food and beverage underground

Time For Tea

Tea, Hot that is! This beverage refers to the beverage and the plant. The beverage is made by steeping the leaves in hot water for a few seconds to a few minutes according to the type of tea used. All tea comes from the same plant,
Camellia sinensis, not including herbal teas. Herbal teas are made from dried flowers and herbs, and are not actually tea.

Both types of teas can be brewed loose or tea bags. Teas have different characteristics due to its terrior (wine speak for climate, soil, season, and care). The flavor is developed by fermentation (oxidation), drying, and the blending of the teas themselves to create the different styles. Oxidation occurs when the tea plant is either crushed, bruised or broken so the leaves are exposed to air. The three main varieties of camellia sinensis are the India, or Assam, the China and the Hyprid. India tea is large leafed, grows well in lower altitudes, and China tea is small leafed and grows in higher altitudes. Hyprid teas is a blend of both China and India teas. There are hundreds of types of tea, but can be grouped into these categories;

Black Tea – generally is a strong tea that is heavily oxidized and fermented to create a dark, and very complex tea. This process diminishes all of the vegetal qualities of the tea leaf, replacing with a dark amber, to black elixir that compare to coffee. The leaves are broken up to allow the surface is open to air, and fully oxidized they turn black, hence the name. Examples are Darjeeling and Ceylon.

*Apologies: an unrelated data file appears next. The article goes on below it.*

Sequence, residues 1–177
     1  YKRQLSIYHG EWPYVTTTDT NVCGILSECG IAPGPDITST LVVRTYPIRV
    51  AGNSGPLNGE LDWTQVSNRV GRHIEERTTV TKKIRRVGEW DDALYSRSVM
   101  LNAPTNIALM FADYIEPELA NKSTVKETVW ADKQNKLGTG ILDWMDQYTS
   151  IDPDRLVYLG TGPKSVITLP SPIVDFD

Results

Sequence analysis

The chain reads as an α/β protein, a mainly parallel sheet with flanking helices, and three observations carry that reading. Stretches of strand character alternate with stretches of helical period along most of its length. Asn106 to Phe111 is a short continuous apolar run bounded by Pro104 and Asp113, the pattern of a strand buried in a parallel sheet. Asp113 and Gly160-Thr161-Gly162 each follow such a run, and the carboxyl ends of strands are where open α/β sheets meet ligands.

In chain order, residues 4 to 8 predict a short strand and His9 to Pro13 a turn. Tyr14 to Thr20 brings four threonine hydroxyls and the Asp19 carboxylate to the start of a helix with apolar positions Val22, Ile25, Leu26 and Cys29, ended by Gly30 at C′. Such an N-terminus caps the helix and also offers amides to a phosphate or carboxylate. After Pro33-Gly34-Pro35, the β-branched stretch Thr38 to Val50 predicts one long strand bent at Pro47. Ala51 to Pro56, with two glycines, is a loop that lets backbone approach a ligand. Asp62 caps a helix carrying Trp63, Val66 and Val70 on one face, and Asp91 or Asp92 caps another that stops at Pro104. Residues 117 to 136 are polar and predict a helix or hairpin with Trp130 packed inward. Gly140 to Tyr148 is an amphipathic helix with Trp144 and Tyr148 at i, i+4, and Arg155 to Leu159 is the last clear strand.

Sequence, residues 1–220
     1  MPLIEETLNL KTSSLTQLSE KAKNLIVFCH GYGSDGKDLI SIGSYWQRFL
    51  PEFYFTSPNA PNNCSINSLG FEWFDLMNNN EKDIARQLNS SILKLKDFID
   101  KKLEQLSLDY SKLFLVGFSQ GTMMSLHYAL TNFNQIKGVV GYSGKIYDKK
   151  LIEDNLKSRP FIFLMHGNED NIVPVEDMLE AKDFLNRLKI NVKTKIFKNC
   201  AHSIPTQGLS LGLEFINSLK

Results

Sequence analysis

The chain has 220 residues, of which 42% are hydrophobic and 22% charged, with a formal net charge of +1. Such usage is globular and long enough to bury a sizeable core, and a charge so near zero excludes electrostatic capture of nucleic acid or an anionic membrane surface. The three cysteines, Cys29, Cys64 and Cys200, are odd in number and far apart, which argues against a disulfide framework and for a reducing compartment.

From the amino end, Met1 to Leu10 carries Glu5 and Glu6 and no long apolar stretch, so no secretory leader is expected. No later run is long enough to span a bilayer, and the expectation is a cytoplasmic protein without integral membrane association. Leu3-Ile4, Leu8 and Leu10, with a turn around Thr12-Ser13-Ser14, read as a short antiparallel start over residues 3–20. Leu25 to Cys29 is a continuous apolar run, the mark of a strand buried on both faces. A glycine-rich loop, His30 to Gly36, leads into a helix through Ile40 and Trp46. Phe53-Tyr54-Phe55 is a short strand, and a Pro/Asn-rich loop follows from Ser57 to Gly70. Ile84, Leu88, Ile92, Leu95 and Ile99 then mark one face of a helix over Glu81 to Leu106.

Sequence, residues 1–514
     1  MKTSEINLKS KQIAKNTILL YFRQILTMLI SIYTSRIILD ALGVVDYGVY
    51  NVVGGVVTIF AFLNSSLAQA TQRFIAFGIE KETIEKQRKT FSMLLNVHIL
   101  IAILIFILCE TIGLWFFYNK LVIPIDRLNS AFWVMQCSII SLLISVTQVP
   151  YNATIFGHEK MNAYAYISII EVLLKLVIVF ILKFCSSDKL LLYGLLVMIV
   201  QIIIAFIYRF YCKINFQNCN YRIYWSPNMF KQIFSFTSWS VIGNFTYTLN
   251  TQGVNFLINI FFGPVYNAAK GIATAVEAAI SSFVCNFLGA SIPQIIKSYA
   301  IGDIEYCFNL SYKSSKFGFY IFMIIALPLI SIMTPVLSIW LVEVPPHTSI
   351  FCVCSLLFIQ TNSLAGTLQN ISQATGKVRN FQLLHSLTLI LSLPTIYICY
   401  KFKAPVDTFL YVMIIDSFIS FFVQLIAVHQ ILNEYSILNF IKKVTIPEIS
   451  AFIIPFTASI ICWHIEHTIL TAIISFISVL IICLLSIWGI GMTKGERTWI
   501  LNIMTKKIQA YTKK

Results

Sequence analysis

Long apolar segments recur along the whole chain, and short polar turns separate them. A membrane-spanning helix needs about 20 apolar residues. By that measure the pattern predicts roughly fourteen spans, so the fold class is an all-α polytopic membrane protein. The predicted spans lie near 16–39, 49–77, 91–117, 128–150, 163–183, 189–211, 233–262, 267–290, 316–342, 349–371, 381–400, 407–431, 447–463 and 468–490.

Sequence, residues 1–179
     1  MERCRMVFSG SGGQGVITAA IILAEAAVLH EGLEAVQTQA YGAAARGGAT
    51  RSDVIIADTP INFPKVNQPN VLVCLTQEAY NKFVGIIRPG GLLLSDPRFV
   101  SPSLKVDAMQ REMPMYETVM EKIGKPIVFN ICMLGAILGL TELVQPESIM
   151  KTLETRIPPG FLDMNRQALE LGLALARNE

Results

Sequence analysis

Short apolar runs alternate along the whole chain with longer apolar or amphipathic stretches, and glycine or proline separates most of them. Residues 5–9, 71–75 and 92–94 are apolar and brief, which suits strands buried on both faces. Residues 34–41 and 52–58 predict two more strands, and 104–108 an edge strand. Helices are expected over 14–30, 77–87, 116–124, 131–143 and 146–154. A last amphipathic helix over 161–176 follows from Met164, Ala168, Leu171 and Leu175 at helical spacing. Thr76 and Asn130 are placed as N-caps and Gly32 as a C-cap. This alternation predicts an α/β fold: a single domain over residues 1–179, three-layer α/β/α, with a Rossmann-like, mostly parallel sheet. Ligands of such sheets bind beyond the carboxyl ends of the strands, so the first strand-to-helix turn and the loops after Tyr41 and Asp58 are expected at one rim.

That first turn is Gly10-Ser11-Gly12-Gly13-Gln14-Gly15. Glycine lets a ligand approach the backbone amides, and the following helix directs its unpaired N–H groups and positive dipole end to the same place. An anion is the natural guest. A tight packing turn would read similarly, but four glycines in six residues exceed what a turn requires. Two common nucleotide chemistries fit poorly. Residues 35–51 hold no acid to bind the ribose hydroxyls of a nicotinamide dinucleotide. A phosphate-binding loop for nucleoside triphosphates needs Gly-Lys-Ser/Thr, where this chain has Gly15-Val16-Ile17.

Green Tea – is very popular in Asian countries, and is gaining ground in the states. The leaves are allowed to mature after being hand picked, and a short pan fired or steamed to halt the oxidation. This gives the tea its natural vegetal flavor, slight sweetness and its greenish to yellow color, with a nose from grassy to floral. Green tea is not oxidized, being close to white tea, but the difference is Green tea uses rolled leaves and not the buds. It is low in caffeine and high in antioxidants like black tea.

Oolong Tea – dates back to over 400 years in China. The oolong tea is allowed to oxidize partially, making a complex, dark tea that is between green and black tea. This slight oxidization can vary on the variety, and a color from greenish yellow to dark amber. By only bruising the leaves, not allowing the leaves to be broken so that only slight oxidation occurs makes this tea the most difficult to process.

White Tea – is made of immature silver colored dried buds of the plant. White tea is picked and processed before they ripen so that the characteristics are very subtle. By not oxidizing at all, and allowed to dry is called withering. White tea has less caffeine, and a very pale color. White tea produces a healthy, light, and airy tea. White tea is the rarest and the least processed.

Brewing Loose Tea makes a better cup because the tea is keep whole, while bags contain broken up pieces allowing flavors to degrade.

Proper Tea times and Temperatures

Tea typeTimeTemp
White 7 – 10 min 200 F
Green 3 – 4 min 180 F
Oolong 4 – 5 min 190 F
Black 5 min 210 F
Herbal 5 min 210 F
From Tea to Coffee


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